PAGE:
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tv   BBC News  BBC News  November 7, 2018 11:00pm-11:31pm GMT

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this is bbc news. i'm rebecca jones. the headlines at 11: donald trump says he wants to see "bi—partisanship and unity" in us politics, after the democrats won back control of the house of representatives in mid—term elections. i think it was a great victory. i'll be honest, i think it was a victory. and actually, this morning, some of the news was that it was a great victory. the president has fired his attorney general, jeff sessions. he had been the target of constant criticism from mr trump for removing himself from the inquiry into russian interference in the 2016 election. fighting for his life — the 98—year—old assaulted and robbed in his london home. police say the violence used was beyond belief. home secretary sajid javid calls on the net police to step up its response to knife crime. theresa may is coming under intense pressure to publish the legal advice behind her brexit plan. —— met police.
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cristiano ronaldo upsets his old club mancheter united in the champions league tonight, but was it enough? and at 11:30pm, we'll take another in—depth look at the papers with our reviewers, the guardian's media editorjim waterson and the victim's commissioner, baroness newlove. president trump has declared that his republican party defied history by gaining seats in yesterday's mid—term elections — widely viewed as an opportunity for voters to deliver a verdict on his first two years in the white house. the elections were for congress, america's law—making body, which is made up of two chambers — the house of representatives and the senate. the democrats have been celebrating
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winning control of the house for the first time in eight years — winning 222 of the 435 seats, which they say will mean more checks and balances on the trump presidency. but the republicans were able to increase their control of the senate, making key gains in indiana, missouri and north dakota. this evening, president trump is not wasted any time shaking up his cabinet, fire and attorney general jeff ‘s options. half —— firing jeff session. so how much of an impact will the results have on donald trump's next two years of his presidency? our north america editor is jon sopel. his report does contain some flashing images. not very bloodied, but suddenly unbowed, donald trump was the model of defiance at his post mid—term news conference.
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tired, yes, but despite losing the house of representatives, he was aglow with his own achievements. i think it was a great victory, i'll be honest. i think it was a great victory. and actually some of the news this morning was that it was a great victory. but not all the press. it's a new political reality, with democrats now having a powerful oversight role on the white house. questioned about this, he rounded on the media in general, and cnn in particular. it was roughhouse stuff. that's enough. put down the mike. mr president, are you worried about indictments from this investigation? cnn should be ashamed of itself, having you working for them. you are a rude, terrible person and you shouldn't be working for them. jim is a diligent reporter. i am not a big fan of yours either. to the democrats, an olive branch of sorts, don't investigate me and we can work together, he said, play nasty and i'll fight back.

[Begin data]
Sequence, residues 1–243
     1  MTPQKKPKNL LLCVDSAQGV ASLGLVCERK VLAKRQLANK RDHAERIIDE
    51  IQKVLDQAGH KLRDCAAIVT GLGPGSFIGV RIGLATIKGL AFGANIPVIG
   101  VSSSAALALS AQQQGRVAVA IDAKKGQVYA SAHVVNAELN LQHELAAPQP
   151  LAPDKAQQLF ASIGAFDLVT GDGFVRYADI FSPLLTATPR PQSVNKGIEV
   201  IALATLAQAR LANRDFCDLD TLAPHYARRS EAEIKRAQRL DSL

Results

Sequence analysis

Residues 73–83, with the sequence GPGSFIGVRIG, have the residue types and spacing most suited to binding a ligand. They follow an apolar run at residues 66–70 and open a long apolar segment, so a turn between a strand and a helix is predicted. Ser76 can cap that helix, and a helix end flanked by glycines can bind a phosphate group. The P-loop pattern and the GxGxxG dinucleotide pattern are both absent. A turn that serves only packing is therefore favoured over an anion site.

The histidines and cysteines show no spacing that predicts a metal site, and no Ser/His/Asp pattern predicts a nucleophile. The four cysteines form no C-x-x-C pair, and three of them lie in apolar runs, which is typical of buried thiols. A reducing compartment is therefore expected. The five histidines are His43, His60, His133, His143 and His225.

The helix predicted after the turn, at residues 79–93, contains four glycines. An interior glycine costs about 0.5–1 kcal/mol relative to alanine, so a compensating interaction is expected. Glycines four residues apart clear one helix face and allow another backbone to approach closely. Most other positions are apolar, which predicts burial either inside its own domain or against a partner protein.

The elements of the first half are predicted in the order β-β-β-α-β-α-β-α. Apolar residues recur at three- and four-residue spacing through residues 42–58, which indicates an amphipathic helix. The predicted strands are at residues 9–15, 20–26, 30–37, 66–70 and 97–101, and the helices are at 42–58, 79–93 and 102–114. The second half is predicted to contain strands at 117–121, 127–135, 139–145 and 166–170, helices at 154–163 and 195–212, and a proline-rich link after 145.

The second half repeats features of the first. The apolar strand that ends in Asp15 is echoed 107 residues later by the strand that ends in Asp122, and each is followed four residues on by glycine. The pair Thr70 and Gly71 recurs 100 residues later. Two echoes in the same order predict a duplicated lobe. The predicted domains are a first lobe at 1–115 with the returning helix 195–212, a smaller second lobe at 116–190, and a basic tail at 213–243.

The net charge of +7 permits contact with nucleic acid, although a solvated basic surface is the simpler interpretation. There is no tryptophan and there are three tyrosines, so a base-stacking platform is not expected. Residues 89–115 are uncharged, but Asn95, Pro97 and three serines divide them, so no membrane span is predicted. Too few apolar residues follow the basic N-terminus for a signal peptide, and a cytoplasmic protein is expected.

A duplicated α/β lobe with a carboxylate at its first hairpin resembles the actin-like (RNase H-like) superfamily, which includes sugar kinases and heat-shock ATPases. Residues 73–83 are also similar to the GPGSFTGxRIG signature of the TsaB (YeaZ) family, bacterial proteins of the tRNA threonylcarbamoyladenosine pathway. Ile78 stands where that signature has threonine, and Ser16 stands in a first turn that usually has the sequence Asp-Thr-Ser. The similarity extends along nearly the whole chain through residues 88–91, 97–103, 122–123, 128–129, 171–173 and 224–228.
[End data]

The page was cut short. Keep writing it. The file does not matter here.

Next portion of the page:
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we can look at us, they can look at us, we can look at them, and it will go back and forth and it will probably be good for me politically, i can see it being good for me politically, because i think i'm better at that game than they are. waiting for the news conference to end was nancy pelosi, leader of the democrats in the house, also making positive noises about working more closely with the white house but was not offering a blank cheque. we will strive for bipartisanship. we believe that we have a responsibility to seek common ground where we can but, where we cannot we must stand our ground. what these elections profoundly underline is how divided america is, between young and old, black and white, men and women, between those in the suburbs and cities and those in the countryside. i've been saying since the beginning of this campaign change is coming. the virginia suburbs delivered the first election result and the first upset, a democrat game in the house.
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was this the much vaunted blue wave that would see donald trump's republicans swept away in a seismic up evil? it wasn't. in the senate, a different story, with republicans making net gains. where donald trump had campaigned most, republicans won, like ted cruz in texas. this was an election about hope and about the people and the future of texas, rendered a verdict that ssaid we wanted a future with more jobs and more security and more freedom. that left the rock star of these elections, the democrat beto o'rourke, ruing what might have been. i am as inspired, as hopeful as i've ever been in my life, and tonight's loss does nothing to diminish the way that i feel about texas or this country. but change is coming in other ways. the house will have its first two muslim women and its first native american woman, and the youngest member of congress will be 29—year—old alexandria ocasio—cortez, from cocktail
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waitress to legislator in less than a year. this is what is possible when everyday people come together in the collective realisation that all our actions, no matter how small or how large, are powerful, worthwhile and capable of lasting change. # what you need... female voters in the suburbs, in previous elections described as soccer mums or security mums, have this time round shown they are mighty powerful months. congress will have record numbers of women. jon sopel, bbc news. this election has underlined the deep divisions within the united states. it was very much an election of suburban america against rural america. the democrats' gains were helped by educated suburban voters who had voted republican in the past,